Raiders running back Bo Jackson only played in the NFL from 1987-1990.
For those, like myself, who are old enough to have seen Jackson run the football, talk about how amazing of an athlete and football player he truly was.
A dual-sport athlete, Jackson was initially drafted in 1986 by the Buccaneers as the No. 1 overall pick in the 1986 NFL Draft, but refused to play for them.
Instead, Jackson signed a baseball contract with the Kansas City Royals and passed up what would have been his rookie season in the NFL.
Then, during the 1987 NFL Draft, the Raiders decided to give Jackson another shot, and picked him in the seventh round since his rights with the Bucs had expired.
That was the beginning of a short, but amazing professional football career.
Jackson only played in seven games during his rookie year because he was more committed to playing baseball than football; he was indeed a much more talented football player than a baseball player swinging a bat.
In only seven games, Jackson averaged nearly 80 yards per game, and ended the season rushing for over 550 yards with four touchdowns and an astounding 6.8 yards per carry.
Jackson's longest run was 91 yards.
In year two, Jackson had what is considered his off-year when comparing all four NFL seasons together.
He played in 10 games, but only ran for 580 yards with a 4.3 yards per carry average.
For any other running back that average would be welcomed, but not for Mr. Jackson.
In 1989, Jackson had the best statistical year in his short NFL career.
Playing in 11 games, Jackson amassed 950 yards with four touchdown and averaging 5.5 yards per carry.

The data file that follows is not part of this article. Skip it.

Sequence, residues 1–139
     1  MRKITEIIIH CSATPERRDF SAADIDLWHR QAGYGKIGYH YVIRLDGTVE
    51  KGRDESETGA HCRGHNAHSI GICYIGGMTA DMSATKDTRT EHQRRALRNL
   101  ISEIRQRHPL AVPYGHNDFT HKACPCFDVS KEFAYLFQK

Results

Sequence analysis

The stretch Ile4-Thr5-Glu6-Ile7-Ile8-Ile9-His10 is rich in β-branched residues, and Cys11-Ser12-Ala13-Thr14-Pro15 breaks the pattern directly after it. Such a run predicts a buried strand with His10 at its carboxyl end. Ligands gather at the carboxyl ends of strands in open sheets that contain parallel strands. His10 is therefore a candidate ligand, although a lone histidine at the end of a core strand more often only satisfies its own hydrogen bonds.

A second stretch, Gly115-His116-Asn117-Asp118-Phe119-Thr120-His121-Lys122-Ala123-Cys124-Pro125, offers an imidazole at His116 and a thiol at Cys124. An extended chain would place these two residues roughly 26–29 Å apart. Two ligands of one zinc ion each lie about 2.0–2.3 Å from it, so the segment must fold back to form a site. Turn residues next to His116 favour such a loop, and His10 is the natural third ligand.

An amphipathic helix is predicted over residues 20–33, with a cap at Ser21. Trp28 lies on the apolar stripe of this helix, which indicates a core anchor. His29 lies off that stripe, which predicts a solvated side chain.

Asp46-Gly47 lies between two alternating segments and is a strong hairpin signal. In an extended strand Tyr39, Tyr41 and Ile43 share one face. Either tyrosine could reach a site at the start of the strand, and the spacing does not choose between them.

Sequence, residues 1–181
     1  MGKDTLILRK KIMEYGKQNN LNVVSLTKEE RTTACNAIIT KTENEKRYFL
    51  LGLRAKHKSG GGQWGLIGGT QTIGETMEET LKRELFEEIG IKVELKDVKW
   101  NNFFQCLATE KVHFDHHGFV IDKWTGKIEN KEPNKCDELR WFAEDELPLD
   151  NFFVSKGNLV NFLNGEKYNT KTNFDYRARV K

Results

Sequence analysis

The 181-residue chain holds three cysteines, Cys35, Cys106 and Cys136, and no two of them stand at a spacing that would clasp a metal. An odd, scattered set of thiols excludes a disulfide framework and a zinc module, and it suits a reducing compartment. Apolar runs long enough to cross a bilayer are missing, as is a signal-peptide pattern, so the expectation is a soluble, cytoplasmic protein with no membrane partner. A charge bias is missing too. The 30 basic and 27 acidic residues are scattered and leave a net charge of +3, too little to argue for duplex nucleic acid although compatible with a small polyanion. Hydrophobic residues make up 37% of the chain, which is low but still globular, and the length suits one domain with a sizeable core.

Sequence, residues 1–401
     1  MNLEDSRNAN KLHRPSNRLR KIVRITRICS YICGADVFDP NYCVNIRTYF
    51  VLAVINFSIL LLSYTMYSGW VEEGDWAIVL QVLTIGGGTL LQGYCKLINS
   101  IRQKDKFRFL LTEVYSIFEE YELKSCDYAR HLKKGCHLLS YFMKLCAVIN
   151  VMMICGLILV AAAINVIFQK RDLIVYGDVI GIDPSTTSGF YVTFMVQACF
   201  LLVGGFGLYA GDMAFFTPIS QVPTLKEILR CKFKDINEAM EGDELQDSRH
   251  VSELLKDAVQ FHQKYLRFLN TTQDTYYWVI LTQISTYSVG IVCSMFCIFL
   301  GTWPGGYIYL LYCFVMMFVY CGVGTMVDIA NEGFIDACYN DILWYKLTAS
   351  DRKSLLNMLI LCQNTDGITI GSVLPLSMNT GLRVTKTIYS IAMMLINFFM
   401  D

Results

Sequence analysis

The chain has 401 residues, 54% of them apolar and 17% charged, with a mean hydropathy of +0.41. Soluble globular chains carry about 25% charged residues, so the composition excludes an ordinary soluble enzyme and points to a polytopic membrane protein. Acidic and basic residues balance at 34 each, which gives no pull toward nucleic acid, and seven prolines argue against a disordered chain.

Jackson also had his career long run of 92 yards.
Jackson's final season in the NFL would end on a tragic down note, but before that he played in 10 games and nearly cracked 700 yards rushing with five touchdowns and averaged, yet again, over five yards per carry with 5.6 per touch.
Then, in a playoff game against the Bengals, Jackson seriously injured his hip. It has been rumored Jackson felt his hip actually pop out of its socket...when he felt it, he popped it back into place himself.
Doctors have since said it is physically impossible for a person to pop his own hip back into place, but Jackson was no mere person, so it may have been the truth.
After this injury, Jackson would never be the same athlete ever again.
This video showcases some of Jackson's most memorable runs while playing for the Raiders.
Sorry that it ends with his injury, but Jackson had one of the best combination's of speed and power the NFL has ever seen in a running back.
Remember this "Bo Knows" commercial with a bunch of Bos in various sporting gear?
If not, then enjoy reliving the past for about one minute.
Not to dwell on baseball any longer than this particular photo, but Jackson would break a baseball bat over his knee after a strikeout like it was a toothpick.
Have you ever tried to break a baseball bat over your knee?
To save you the pain, it doesn't break and hurts for a couple days after.
In 1985 while still playing at Auburn, Jackson won the Heisman Trophy for being the best college football player in the nation by rushing for just under 1,800 yards and averaging 6.4 yards per carry.
Here is a video clip of a long touchdown run that Jackson had versus Alabama.
Jackson was just as unstoppable in the video game world, and this video showcases how much better he was compared to any other player in the game.
A 99-yard touchdown run while intentionally bobbing and weaving back and forth through defenders.
We all did it back in the day, and some may still be playing it today too.
Since Jackson was a dual-sport athlete, he was easily one of the best known players of his time, but the game of football showed both Jackson and his fans how really dangerous it can be to play.
There has always been the saying that a backup player is one snap away from strapping on his helmet from playing and Jackson proved that saying to be correct.
Will Jackson ever make it into the Pro Football Hall of Fame?
Probably not, but in my eyes he will always be the player who could have been the best to ever play his position if the injury bug never caught up with him on that fateful run up the sideline against the Bengals on Jan. 13, 1991.